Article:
Sleep disorders are generally divided into 3 categories: lack of sleep, disturbed sleep, and too much sleep. The sleep cycle is controlled by chemicals in our brain and blood. Chemical imbalances caused by food or medicine can disrupt signals that tell the body to fall asleep or wake up.
Caffeine, cigarettes, alcohol, and antidepressants, can all disrupt the sleep cycle or interfere with sleep quality. Eating too late at night, particularly heavy foods, can lead to grogginess in the morning because the body's metabolic processes interfere with sound sleep.
In addition to mental and physical slowness, sleep deprivation has been linked to impaired immune function, carbohydrate cravings, hardening of the arteries, depression, obesity, and breast cancer.
|Cherries||A natural source of melatonin, which helps regulate the sleep cycle. Try eating cherries one hour before bedtime.|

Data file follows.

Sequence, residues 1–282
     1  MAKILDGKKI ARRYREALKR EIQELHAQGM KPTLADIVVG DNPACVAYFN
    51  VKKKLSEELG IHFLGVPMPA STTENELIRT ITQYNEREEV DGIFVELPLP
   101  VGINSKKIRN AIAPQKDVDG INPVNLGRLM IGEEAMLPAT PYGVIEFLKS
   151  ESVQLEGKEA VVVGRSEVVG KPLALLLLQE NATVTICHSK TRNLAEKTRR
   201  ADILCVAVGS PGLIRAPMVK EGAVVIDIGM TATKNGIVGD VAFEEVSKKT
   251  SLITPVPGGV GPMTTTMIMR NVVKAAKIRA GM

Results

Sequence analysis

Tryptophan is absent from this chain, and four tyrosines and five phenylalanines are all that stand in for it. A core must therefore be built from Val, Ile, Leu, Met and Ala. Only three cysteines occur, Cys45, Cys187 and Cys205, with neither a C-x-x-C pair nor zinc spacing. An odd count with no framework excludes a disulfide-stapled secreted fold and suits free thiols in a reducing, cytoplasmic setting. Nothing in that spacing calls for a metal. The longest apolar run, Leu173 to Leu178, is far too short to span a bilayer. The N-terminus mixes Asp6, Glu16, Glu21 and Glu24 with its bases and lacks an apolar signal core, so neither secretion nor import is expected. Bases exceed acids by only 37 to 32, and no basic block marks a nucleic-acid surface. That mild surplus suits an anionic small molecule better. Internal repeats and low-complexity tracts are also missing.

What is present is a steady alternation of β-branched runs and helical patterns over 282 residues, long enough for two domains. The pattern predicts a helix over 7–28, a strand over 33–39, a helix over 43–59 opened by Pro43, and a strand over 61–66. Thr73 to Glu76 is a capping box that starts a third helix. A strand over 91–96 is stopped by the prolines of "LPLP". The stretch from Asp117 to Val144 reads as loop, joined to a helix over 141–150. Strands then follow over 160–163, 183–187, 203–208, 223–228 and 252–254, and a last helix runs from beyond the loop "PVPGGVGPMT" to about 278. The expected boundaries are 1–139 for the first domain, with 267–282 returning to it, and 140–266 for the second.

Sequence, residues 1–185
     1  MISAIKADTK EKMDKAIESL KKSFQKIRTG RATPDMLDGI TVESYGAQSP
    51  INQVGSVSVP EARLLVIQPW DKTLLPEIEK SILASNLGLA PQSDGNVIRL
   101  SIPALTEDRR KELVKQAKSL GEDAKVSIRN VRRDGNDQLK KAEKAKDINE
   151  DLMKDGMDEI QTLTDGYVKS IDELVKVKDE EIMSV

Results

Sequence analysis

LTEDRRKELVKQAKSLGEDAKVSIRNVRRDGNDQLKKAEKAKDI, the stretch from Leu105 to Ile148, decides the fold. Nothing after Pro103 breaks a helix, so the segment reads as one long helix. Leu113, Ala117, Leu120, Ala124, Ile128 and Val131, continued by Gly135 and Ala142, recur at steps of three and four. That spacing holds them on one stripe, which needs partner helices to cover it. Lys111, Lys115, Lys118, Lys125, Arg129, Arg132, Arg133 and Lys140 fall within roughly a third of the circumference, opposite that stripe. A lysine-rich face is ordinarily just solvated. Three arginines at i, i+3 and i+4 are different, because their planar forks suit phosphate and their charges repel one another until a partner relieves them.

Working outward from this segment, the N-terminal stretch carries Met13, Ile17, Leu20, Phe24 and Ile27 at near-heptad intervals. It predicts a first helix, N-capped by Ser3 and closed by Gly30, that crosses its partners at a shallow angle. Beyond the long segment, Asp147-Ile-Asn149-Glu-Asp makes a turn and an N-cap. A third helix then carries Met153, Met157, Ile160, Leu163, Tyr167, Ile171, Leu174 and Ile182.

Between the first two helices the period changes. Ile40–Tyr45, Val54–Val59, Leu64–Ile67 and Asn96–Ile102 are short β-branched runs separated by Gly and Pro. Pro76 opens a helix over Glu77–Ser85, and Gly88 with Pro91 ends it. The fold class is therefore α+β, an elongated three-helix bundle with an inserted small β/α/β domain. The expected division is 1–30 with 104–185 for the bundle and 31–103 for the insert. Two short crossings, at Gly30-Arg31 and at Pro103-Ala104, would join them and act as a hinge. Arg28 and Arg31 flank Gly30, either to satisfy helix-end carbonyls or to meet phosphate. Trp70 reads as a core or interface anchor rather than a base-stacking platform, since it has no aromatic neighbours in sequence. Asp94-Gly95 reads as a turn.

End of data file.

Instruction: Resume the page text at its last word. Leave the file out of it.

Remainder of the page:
|Leafy Greens - General||Most provide tryptophan which aids in sleep. They make a light, low-fat meal, which allows for a peaceful night's rest.|
|Maca||Improves sleep quality.|
|Pumpkin Seeds||High levels of tryptophan help regulate the sleep cycle. Avoid eating to excess near bedtime due to the fat content.|
|Calcium||Has a relaxing, calming effect on the body. A deficiency in calcium can cause restlessness which prevents sleep. Take calcium and magnesium in a 2:1 ratio, 45 minutes before bedtime.|
|Magnesium||Helps induce sleep. A deficiency in magnesium can cause nervousness which prevents sleep. Taking calcium and magnesium in a 2:1 ratio, 45 minutes before bedtime can help with this.|
|Protein/Amino Acids||The amino acid tryptophan is converted into serotonin, the hormone that controls sleep.|
|Tin||May help treat some cases of insomnia.|
|Vitamin B6||Often used to treat insomnia.|
|Vitamin B12||Often used to treat insomnia.|